Opponents argue that such glazing, which has been accidentally impacted by children and young adults, has resulted in “severe and life threatening injuries” (S188-02). The most vocal of the opponents have been representatives from O’Keeffe’s Inc. They argue that wired glass breaks easily and exposes the wires, trapping the person’s limbs and results in further damage when the person tries to withdraw. Furthermore, they contend that the CPSC also has found wired glass to be dangerous but exempted it in 1977 (at the time of the enactment of the CPSC standard) because it was the only material available at the time that was fire-resistant. It is also the contention of the opponents of wired glass that wired glass does not meet the lower ANSI Z97.1 standard and such applications should be certified by a third-party agency (S189-02).

The Outcome
The ICC ad hoc glazing committee submitted a proposal (S187-02) to require wired glass in educational occupancies (Group E in the IBC) to comply with the CPSC standard, thus eliminating the exception in educational occupancies. This proposal was approved by the code development committee at the initial hearing in Pittsburgh and ultimately accepted by the memberships of BOCA, ICBO and SBCCI. The proposals to eliminate the exception for wired glass (S188-02) and to require third-party labeling (S189-02) were not accepted by the code development committee. 

The open process of code development employed by the ICC provides all parties the opportunity to have their concerns considered and fully debated. While the proposal to limit wired glass to non-educational occupancies was approved, the opponents to wired glass pursued their opposition to the use of wired glass and labeling to the final action hearings in Fort Worth. With more than 600 in attendance at the hearing, the issues for and against the use of wired glass were discussed in a lively debate that lasted more than 45 minutes. In the end, while a majority of the eligible voters agreed with the opponents to wired glass, the opponents failed to achieve the requisite two-thirds majority to have their proposal to delete the exception approved. The proposal to require labeling was also defeated. As a result, the 2003 International Building Code will regulate safety glazing as follows:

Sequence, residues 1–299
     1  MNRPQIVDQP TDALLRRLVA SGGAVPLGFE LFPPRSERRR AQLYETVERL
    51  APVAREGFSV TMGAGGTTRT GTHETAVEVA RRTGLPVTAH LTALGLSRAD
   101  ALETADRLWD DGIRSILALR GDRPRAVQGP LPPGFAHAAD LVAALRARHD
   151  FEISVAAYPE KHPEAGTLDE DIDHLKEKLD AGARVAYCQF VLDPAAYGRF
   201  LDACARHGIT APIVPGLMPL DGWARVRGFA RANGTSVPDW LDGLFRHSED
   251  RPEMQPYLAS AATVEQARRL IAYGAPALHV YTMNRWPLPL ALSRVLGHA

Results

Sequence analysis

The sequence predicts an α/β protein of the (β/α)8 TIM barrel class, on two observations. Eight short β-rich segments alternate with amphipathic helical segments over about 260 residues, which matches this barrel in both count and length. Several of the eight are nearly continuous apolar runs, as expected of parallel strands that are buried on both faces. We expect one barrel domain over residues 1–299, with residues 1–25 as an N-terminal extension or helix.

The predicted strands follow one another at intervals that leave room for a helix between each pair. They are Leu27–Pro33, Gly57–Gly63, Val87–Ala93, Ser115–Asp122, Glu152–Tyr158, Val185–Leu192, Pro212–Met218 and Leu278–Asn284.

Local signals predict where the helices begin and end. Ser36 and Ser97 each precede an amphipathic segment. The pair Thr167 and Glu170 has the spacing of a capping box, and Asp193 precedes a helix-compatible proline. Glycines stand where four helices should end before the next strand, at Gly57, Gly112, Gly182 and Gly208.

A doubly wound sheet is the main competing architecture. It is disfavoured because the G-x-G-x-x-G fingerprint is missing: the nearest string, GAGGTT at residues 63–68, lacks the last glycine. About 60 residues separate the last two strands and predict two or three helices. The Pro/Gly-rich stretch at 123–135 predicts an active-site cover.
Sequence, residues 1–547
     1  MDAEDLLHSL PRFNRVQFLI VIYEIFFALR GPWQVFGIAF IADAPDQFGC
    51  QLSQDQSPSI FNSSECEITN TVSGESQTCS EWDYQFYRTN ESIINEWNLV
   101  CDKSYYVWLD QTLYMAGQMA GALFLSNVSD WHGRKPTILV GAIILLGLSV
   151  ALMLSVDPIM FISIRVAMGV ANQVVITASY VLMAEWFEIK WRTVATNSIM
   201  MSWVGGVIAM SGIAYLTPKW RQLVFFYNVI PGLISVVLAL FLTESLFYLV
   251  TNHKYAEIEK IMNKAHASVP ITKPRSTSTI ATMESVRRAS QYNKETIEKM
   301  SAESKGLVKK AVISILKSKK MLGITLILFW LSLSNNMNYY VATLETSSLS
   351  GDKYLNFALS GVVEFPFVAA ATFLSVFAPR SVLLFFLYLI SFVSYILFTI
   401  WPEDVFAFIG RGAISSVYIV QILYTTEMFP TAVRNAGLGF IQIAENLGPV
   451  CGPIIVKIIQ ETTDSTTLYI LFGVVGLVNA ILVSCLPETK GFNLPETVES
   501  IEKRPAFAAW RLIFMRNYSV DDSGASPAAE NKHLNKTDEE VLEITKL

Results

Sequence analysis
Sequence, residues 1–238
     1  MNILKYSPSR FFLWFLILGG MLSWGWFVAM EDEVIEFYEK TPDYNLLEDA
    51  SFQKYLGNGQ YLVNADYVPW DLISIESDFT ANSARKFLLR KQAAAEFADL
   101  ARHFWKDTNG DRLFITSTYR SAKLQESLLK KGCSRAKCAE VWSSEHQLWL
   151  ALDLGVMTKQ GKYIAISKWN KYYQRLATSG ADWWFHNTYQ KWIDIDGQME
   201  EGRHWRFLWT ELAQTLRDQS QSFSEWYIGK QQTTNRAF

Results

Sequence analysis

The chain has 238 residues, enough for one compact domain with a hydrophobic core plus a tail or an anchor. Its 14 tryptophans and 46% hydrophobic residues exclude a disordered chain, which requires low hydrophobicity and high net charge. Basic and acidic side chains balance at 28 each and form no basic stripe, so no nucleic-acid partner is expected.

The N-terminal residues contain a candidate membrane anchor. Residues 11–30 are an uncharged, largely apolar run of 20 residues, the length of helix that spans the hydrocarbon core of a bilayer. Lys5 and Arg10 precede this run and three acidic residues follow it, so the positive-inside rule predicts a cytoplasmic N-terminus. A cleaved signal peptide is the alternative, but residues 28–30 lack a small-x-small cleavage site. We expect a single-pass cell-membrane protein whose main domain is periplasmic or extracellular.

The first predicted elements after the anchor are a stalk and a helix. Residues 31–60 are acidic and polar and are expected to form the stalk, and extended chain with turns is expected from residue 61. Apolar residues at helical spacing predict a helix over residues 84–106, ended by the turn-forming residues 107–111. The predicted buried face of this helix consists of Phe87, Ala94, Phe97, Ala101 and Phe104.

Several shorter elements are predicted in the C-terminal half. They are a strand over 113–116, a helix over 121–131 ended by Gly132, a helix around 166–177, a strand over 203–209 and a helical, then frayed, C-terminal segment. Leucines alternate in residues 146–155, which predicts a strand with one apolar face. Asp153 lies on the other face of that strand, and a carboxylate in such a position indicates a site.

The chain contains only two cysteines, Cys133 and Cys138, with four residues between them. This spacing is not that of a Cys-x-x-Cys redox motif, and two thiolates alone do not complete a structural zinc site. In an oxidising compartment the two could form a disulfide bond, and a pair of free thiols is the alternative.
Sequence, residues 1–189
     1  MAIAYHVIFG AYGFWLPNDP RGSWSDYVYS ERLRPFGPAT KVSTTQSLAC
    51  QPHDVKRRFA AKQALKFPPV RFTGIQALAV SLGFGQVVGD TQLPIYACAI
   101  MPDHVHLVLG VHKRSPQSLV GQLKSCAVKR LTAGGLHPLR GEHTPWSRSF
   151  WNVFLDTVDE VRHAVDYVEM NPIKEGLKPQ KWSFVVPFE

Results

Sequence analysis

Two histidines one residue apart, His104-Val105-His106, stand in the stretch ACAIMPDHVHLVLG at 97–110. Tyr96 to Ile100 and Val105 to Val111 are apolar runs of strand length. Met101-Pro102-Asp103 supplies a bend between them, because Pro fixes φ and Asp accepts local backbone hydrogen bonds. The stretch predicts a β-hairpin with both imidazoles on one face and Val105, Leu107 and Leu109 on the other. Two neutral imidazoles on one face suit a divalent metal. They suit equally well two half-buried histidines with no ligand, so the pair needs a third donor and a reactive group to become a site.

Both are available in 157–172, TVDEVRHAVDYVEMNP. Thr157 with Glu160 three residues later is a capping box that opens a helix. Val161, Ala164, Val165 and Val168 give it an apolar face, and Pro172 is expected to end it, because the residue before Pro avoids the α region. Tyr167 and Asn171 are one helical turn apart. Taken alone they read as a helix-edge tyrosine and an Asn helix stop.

2406.1 Human impact loads. Individual glazed areas, including glass mirrors, in hazardous locations as defined in section 2406.3 shall comply with sections 2406.1.1 through 2406.1.5;

2406.1.1 CPSC 16 CF R 120 1. Except as provided within sections 2406.1.2 through 2406.1.5, all glazing shall pass the test requirements of CPSC 16 CF R 1201. Glazing shall comply with the CPSC 16 CFR, Part 1201 criteria for category I or category II as indicated in Table 2406.1;

2406.1.2 Wired glass. In other than Group E, wired glass installed in fire doors, fire windows and view panels in fire-resistant walls shall be permitted to comply with ANSI Z97.1;

2406.1.3 Plastic glazing. Plastic glazing shall meet the weathering requirements of ANSI Z9 7.1;

2406.1.4 Glass block. Glass block walls shall comply with Section 2101.2.4;

2406.1.5 Louvered windows and jalousies. Louvered windows and jalousies shall comply with Section 2403.5.

The 2003 IBC, along with the entire family of 2003 I-Codes, is scheduled for availability in late January/early February 2003. 

Be sure to visit the ICC website periodically for other important developments in code development, especially the new 18-month cycle that will be implemented in 2003. The 18-month cycle means that the previous three cycles of code development between editions (published every three years) will be replaced by two cycles, with a single intervening supplement. The code change deadline is March 24, 2003. 



Michael J. Pfeiffer, P.E., serves as vice president of code and standard development for the International Code Council and vice president of codes and standards for the Building Officials Code Administrators International Inc.